Frye Law - February 2019

THE Defender

FEBRUARY 2019

770-919-9525 • FRYELAWGROUP.COM

A PARENT’S LOVE

WHAT TO DO IF YOUR CHILD MAKES A MISTAKE

Because Valentine’s Day takes place in February, love is often at the forefront of people’s minds. While several people celebrate the holiday by showering their sweetheart with gifts, I’d like to focus on a different but equally important type of relationship: the one shared between parent and child. Because one of my main practice areas is juvenile defense, I often work with parents whose child has made a mistake. The court typically isn’t involved if these mistakes are more trivial like forgetting to mow the lawn or missing curfew. Rather, judges and attorneys are required to step in when a child has been charged violating the law. Situations like these might seem straightforward, but when minors are concerned, cases become far more complex. The state of Georgia considers a person who is 13–17 years old to be a minor, and minors are generally tried in juvenile court for criminal offenses. However, for more serious crimes, a minor can be charged and tried in adult court. It helps to know the process your child will face. The last thing you want is to see your child in serious trouble, but when someone you love makes a potentially life-altering mistake, you want them to learn from it. You know they need discipline for their actions in order to grow, but you also want to protect them and keep them out of harm’s way. “While I understand that letting a young person face the consequences of their actions can be useful, in many cases, the punishment does not fit the crime.” Over the last 10 years, I’ve found that a fair number of parents want to follow the tough love approach when their child gets in a minor scrape with the law. They are frustrated with their child’s behavior and don’t know how to fix it, so they decide to let the court try. Unfortunately, this approach can have really permanent ramifications. While I understand that letting a young person face the consequences of their actions can be useful, in many cases, the punishment does not fit the crime. For example, a conviction for possession of alcohol or a misdemeanor possession of marijuana may not seem life-altering, but it can be. Especially in today’s highly competitive world, an immature decision made by a 17-year-old can haunt them for years, even putting their admissions to colleges and future jobs in jeopardy.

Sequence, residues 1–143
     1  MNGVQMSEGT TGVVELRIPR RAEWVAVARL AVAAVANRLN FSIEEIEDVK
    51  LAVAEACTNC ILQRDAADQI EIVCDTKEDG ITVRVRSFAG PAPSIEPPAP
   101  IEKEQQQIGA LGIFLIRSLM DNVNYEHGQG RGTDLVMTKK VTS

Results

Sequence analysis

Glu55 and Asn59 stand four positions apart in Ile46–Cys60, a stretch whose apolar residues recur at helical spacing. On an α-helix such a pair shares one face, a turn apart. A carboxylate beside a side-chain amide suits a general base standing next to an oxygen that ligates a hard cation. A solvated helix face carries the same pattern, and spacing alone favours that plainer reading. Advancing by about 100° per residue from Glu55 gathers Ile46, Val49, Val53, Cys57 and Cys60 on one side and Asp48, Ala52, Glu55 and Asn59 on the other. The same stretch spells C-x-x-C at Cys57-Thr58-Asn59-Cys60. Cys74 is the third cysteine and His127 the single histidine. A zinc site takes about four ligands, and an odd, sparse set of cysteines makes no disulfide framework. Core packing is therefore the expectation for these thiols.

Even the most frustrated of parents have their kid’s best interest at heart, and what I want these parents to know is that even if their child consistently missteps, letting the government do the parenting isn’t a good idea. Protecting your child shouldn’t equate to offering them up to the court. Don’t waive their Miranda rights, don’t let officers search their room or their car, and don’t submit them for questioning unless you have an attorney present. Despite parents’ best intentions, young people make mistakes that require them to be subject to the will of the criminal justice system. Regardless of whether it’s a felony or a misdemeanor, the repercussions of a conviction may harm them for years. If your child has been charged with a violation, start by enlisting an experienced attorney who will vigorously defend their rights and protect their best interest. Doing so doesn’t mean you aren’t taking their actions seriously; it just means that you are doing what’s best for your child’s future.

–Kim Frye

770-919-9525 • 1

Published by The Newsletter Pro • www.TheNewsletterPro.com

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